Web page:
Insurance Market Outlook - 2023

Insurance Market Outlook - 2023

 

Business owners’ top three risks in Canada are cyber incidents (35%), the skilled workforce shortage (33%) and climate change (29%) – differing from last year when business interruption, cyber incidents, and climate change were deemed the top 3.

We’ve been talking about the current “Hard Insurance Market” environment for the longest running cycle in industry history. Normally lasting 18-24 months, we’ve now seen more than 17 quarters of increasingly tighter prices. This is unprecedented.

The current market environment is unique because of the confluence of so many challenges. Recessionary concerns are top of mind as governments work to tame inflation and equity markets reside in bare territory.

There is ongoing uncertainty around loss trends due to entrenched inflation, supply chain issues, climate change, and social inflation (read: legal costs).

As a result, most insurers are suggesting 10% to 15% increases on property replacement costs across all sectors in order to reflect inflationary prices.

While market conditions remain complex, there are signs of improvement showing across commercial property, general liability, commercial auto, and directors & officers (D&O); however, insurers remain worried about cyber and technology errors & omissions (E&O).

The market has changed significantly over the last two years – with insurers maintaining strict underwriting guidelines and risk selection. Rate increases are continuing; albeit less severely compared to 2021 and 2022.

Real estate, transportation, mining, roofing, and food manufacturing are all challenging industry sectors. Insurers are concerned about Canadian companies with U.S. operational exposures and, as U.S. litigation costs continue to drive up rates, we are seeing signs of restricted capacity for this coverage.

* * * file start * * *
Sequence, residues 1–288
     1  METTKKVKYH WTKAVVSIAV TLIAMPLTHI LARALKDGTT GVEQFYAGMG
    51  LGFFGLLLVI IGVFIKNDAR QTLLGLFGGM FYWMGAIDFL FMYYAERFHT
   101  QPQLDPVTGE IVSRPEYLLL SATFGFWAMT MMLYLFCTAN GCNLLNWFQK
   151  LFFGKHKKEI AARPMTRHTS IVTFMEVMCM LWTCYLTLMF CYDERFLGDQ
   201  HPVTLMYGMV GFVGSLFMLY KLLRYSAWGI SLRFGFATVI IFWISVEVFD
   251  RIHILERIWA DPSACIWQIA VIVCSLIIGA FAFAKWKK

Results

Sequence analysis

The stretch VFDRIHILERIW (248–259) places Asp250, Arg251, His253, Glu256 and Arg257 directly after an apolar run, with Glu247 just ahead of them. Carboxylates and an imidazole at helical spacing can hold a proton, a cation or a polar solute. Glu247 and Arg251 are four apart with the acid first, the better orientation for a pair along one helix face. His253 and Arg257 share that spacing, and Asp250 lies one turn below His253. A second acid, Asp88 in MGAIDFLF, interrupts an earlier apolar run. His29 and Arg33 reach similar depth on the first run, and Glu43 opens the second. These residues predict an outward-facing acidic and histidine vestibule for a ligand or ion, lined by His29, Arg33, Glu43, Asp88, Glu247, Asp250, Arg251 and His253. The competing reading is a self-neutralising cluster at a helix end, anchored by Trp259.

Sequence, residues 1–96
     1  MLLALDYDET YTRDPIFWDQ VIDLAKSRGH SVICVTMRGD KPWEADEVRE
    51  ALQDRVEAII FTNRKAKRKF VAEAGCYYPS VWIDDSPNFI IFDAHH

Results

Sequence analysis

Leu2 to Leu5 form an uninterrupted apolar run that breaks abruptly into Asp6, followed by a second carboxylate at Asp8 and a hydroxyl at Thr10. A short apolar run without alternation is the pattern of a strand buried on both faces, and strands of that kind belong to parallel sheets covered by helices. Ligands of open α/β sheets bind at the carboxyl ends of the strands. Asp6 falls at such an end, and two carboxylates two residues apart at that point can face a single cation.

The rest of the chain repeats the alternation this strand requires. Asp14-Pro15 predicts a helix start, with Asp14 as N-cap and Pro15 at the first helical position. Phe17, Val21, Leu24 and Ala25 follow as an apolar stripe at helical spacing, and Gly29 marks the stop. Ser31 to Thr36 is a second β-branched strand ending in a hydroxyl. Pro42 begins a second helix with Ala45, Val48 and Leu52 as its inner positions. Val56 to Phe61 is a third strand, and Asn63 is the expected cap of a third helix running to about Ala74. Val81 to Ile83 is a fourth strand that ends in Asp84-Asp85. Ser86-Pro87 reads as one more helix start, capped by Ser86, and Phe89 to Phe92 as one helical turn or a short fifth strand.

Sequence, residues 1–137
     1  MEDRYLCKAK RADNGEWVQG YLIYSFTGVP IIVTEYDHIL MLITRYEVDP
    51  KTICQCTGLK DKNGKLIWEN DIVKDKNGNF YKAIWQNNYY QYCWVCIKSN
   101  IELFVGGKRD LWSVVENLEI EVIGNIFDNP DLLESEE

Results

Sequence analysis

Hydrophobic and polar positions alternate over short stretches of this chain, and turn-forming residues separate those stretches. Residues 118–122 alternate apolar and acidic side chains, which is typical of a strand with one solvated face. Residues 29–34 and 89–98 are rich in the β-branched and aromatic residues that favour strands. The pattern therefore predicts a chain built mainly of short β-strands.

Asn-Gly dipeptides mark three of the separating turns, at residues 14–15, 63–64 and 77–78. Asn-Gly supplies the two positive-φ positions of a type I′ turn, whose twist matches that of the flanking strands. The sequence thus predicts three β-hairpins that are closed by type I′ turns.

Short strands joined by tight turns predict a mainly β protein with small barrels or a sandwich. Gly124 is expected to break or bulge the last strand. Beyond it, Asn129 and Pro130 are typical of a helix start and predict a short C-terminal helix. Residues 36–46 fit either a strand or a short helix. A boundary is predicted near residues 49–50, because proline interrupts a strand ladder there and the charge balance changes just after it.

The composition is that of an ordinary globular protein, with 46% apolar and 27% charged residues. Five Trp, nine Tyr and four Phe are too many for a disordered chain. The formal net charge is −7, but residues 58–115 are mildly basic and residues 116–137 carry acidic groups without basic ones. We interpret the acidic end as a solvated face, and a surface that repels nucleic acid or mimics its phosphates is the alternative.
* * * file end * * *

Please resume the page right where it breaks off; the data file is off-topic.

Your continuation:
Cyber and technology E&O remains challenging for capacity, especially in higher risk sectors including cannabis, cryptocurrency, payment processors, public sector, municipalities, and educational institutions.


CYBER Spotlight

Canada’s ongoing hard market in cyber has seen most insurers capping their coverage at somewhere between $3-million and $5-million. The average cost from data breach incidents reached an all-time high of $4.35 million in 2022 and is expected to surpass $5 million in 2023.

Several insurers have stopped underwriting Canadian cyber risk outright due to the extremely difficult landscape right now.

Exclusions for known software vulnerabilities and capacity restrictions continue to be prevalent as claims continue. 

Premium increases can be expected at around 40-100% increase for above average (i.e. low risk) clients and between 100-400% for below average (i.e. high risk) clients, according to industry experts.

Healthcare breach costs were around $10 million in 2022; for cyber insurers, this has been the most expensive industry segment for 12 years running.

Financial services are also a high hazard, averaging $5.97 million in cyber claims costs, followed closely by pharmaceuticals, technology, and energy sectors.

We continue to encourage clients to add any additional information to applications in an addendum as many questions are Yes/No and without context. In addition, implement insurer recommendations such as multi-factor authentication, employee training, backup procedures etc., as these can go a long way to putting the best foot forward with underwriters. 


Questions? Touch base with one of our advisors or simply email us.

Thank you for your confidence in our office; it is not something we take lightly. We know you have a choice of where to secure insurance.

John Hubbard - President

Collision Repair Delays In 2023
Business Interruption & Risk Management – What Did...